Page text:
Editor’s note: An earlier version incorrectly said the snowmobilers spotted antlers in the snow. The moose had no antlers.
A group of snowmobilers pulled out their shovels to free a stuck moose after spotting its head poking out of freshly fallen snow in western Newfoundland.
Jonathan Anstey, who owns a snowmobile riding clinic, said he and about seven other riders set out on the trails near Deer Lake, N.L., on Saturday, when for the first time in two weeks, the terrain was blanketed in a thick layer powder.
As they veered off the main road, the group spotted a moose neck-deep amid the white expanse, buried in what Anstey estimated to be six feet, or 1.8 metres, of snow.
“We knew the moose was stuck really good,” he said in an interview on Wednesday. “He tried several times to get himself out of the hole, but he wasn’t getting anywhere.”
Anstey said the moose appeared to have gotten stuck in a bog hole and was trying to climb out, but its hind legs seemed to be firmly planted in the snow.
“When a moose gets distressed, they pin their ears back, their hair stands up on their back, and they lick their lips a lot,” he said. “You could tell he was extremely distressed.”
He said some members of his group grabbed shovels and walked around to the rear of the moose, where they figured they would be safe from the animal’s thrashing.
“After he realized he wasn’t moving, he just kind of stopped and lay down,” said Anstey.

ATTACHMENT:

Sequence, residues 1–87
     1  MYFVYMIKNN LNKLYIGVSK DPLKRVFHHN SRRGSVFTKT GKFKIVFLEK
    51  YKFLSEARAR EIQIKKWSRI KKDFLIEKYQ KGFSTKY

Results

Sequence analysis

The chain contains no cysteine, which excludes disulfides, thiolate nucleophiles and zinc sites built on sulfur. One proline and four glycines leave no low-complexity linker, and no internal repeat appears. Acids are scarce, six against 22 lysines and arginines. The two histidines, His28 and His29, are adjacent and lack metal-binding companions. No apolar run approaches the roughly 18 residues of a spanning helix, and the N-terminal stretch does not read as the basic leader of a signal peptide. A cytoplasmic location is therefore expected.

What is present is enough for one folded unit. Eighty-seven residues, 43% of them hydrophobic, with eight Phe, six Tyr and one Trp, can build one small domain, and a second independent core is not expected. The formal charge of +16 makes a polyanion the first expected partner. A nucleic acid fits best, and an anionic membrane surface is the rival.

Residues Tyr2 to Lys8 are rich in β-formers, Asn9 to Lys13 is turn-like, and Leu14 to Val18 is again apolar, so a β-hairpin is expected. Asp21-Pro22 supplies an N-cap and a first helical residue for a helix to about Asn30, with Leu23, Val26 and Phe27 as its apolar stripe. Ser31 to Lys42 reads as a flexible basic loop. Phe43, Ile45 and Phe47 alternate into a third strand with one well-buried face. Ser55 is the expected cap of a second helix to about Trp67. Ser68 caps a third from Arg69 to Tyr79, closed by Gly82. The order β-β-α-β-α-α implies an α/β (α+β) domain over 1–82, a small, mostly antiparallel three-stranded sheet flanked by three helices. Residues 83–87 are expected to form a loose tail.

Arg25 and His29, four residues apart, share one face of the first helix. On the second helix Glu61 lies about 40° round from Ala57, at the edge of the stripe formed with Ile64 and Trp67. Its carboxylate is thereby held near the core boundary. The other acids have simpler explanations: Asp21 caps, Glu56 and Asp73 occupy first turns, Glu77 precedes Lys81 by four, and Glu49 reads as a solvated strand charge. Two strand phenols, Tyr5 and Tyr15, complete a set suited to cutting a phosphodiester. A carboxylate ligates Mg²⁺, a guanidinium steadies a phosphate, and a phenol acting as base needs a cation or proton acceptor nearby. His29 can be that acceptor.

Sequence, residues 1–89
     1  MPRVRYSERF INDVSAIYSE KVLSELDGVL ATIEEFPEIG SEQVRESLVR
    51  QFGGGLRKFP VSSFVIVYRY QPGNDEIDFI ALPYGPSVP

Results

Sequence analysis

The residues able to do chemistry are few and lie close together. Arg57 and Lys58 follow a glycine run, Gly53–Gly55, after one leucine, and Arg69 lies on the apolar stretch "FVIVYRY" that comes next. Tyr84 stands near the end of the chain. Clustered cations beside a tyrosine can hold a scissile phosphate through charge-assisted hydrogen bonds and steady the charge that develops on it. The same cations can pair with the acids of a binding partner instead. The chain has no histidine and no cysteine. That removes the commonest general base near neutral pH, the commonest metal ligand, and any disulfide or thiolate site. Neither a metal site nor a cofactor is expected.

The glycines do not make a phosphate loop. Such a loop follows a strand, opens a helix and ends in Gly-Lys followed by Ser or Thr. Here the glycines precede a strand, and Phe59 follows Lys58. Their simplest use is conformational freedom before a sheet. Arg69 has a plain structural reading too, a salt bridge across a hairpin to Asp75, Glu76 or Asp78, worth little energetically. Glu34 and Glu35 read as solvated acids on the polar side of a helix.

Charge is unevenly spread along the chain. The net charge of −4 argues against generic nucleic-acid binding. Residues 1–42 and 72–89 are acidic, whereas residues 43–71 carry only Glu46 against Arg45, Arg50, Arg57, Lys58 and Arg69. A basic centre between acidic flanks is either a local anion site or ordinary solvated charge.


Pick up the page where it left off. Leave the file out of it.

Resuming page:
After a few minutes of digging, Anstey said they had carved out a path behind the moose, and one of the snowmobilers rode up to the animal to coax it to turn around.
“The moose actually realized it had footing on solid ground and managed to pull himself out of the hole,” he said.
The liberated moose hung around for a bit to dry off, Anstey said, occasionally looking at its rescuers as if to say “a little thank you” before trotting away.
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Anstey said it isn’t uncommon for people to come across moose in sticky situations while exploring Newfoundland’s back-country, but he would advise them to contact provincial officials rather than taking matters into their own hands.
“I wouldn’t recommend rescuing it even though we did, because we’re experienced outdoorsmen,” he said. “You don’t really want to get close to a big animal like that as they can charge or do a lot of damage.”
Even though this is his second moose rescue, Anstey said he tries not intervene in animal affairs.
“We’d like to be known as a back-country riding clinic and not a moose rescuer,” said Anstey. “We do what we need to do to help the wild as much as possible and give them their space.”